- For securities subject to the circuit breaker pilot program approved this past summer, market makers must enter quotes that are not more than 8% away from the NBBO.
- For the periods near the opening and closing where the circuit breakers are not applicable, that is before 9:45 a.m. and after 3:35 p.m., market makers in these securities must enter quotes no further than 20% away from the NBBO.
- For exchange-listed equities that are not included in the circuit breaker pilot program, market makers must enter quotes that are no more than 30% away from the NBBO.
- In each of these cases, a market maker's quote will be allowed to "drift" an additional 1.5% away from the NBBO before a new quote within the applicable band must be entered.
The new market maker quoting requirements will become effective on Dec. 6, 2010.
Sunday, November 7, 2010
The Short But Interesting Life of Good Faith as an Independent Liability Rule, by Robert B. Thompson,
Georgetown University Law Center, was recently posted on SSRN. Here is the abstract:
Shareholder challenges to director actions usually assert a breach of the fiduciary duties of loyalty or care. For much of the last two decades, Delaware case law referred to a trilogy of duties holding out the possibility that good faith was an independent basis for liability. Recent opinions tell us this is no so. This article examines why good faith flowered for a while as a possible independent basis for liability — as the latest incarnation of fail/safe doctrines permitting courts to rein in questionable behavior that didn’t quite fit within existing categories; as an effort to avoid the exculpation provisions of Delaware’s statute; and as part of a sermonizing function sometimes undertaken by Delaware courts. Now that good faith is firmly ensconced within the duty of loyalty, the article examines whether the path to this point reflects a Delaware judiciary less willing to engage in substantive review of director action in a takeover context.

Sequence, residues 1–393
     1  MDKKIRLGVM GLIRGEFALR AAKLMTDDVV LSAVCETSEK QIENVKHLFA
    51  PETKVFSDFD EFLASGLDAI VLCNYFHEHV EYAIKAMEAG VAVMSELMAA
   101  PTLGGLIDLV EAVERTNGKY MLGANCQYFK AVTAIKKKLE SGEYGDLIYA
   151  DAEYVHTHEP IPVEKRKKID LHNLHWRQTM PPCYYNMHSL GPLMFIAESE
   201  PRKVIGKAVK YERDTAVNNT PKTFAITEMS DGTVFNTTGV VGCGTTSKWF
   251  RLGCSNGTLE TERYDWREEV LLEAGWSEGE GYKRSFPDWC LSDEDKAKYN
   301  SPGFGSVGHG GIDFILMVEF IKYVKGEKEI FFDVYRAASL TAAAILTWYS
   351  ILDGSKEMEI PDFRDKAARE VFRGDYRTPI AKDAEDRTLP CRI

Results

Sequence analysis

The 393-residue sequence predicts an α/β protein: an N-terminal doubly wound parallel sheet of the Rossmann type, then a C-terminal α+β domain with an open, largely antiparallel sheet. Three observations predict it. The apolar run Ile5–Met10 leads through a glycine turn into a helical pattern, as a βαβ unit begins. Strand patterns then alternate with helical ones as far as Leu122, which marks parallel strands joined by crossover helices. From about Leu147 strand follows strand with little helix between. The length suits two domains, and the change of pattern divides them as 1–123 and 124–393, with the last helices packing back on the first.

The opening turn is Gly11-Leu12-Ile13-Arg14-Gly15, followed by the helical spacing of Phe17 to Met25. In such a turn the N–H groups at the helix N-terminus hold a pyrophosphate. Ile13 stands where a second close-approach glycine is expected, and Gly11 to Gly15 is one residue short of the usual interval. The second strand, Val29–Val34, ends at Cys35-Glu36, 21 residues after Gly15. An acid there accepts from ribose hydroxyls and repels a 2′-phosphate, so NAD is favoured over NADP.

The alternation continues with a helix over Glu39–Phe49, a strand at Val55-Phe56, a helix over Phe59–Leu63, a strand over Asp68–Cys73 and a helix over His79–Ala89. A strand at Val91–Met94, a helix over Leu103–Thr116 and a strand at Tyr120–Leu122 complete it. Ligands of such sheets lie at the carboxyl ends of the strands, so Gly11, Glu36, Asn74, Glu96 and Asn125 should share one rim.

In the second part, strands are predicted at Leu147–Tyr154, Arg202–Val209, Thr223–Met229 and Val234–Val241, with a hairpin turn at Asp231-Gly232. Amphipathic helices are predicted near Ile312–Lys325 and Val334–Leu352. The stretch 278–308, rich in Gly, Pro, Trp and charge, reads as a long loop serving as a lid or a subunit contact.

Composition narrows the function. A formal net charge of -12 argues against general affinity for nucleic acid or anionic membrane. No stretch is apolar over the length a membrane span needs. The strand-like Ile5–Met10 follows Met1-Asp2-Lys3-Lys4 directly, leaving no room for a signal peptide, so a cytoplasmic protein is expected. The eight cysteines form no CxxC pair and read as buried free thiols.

Regulating Financial Innovation: A More Principles-Based Alternative?, by Dan Awrey, University of Oxford - Faculty of Law, was recently posted on SSRN. Here is the abstract:
The global financial crisis has exposed the complexity of modern financial markets. One of the primary drivers of this complexity has been financial innovation. From sub-prime mortgages, securitization and credit default swaps to sophisticated quantitative models for measuring and managing risk, the footprints of financial innovation can be found at almost every step along the road to the Great Recession. More broadly, complexity and innovation have combined to generate significant asymmetries of information and expertise between public regulators and private actors, thereby exacerbating the agency problems which pervade financial markets. At the same time, the pace of innovation has left regulators and regulation chronically behind the curve. This paper examines the desirability of ‘more principles-based’ regulation (MPBR) as a response to the challenges stemming from the complexity and innovativeness of modern financial markets. This paper advances the scholarly and public policy debates surrounding the optimal approach toward financial regulation in three ways. First, it re-conceptualizes the theoretical core of MPBR and demonstrates how this core transcends the now stale ‘rules versus principles’ debate within which the debate over MPBR has been historically mired. Second, using over-the-counter derivatives markets as a case study, it illuminates the pervasiveness and significance of asymmetries of information and expertise and agency problems within complex, innovative financial markets and how MPBR manifests the potential to address many of the attendant regulatory challenges. Finally, it moves the debate beyond the structure, perimeter and even substance of regulation and toward the examination of the optimal philosophy of regulation given the complexity and innovation exhibited within modern financial markets.
Are Corporations 'Subjects' of International Law?, by Jose E. Alvarez, New York University - School of Law, was recently posted on SSRN. Here is the abstract:
Courts and scholars often attempt to draw legal conclusions from the status of entities, whether states, international organizations or corporations. Debates concerning whether corporations are “subjects” of international law and the legal conclusions that supposedly follow from this are particularly vociferous within Alien Tort Claims litigation in U.S. courts. Using the Supreme Court’s recent decision in Citizens United as a cautionary tale, the author argues that drawing legal conclusions from the fact of “subject-hood” is fraught with peril, particularly in the case of corporations. He argues that such top-down approaches are likely to lead to unintended consequences and that corporations, like international organizations, should more properly be seen as “participants” than “subjects.”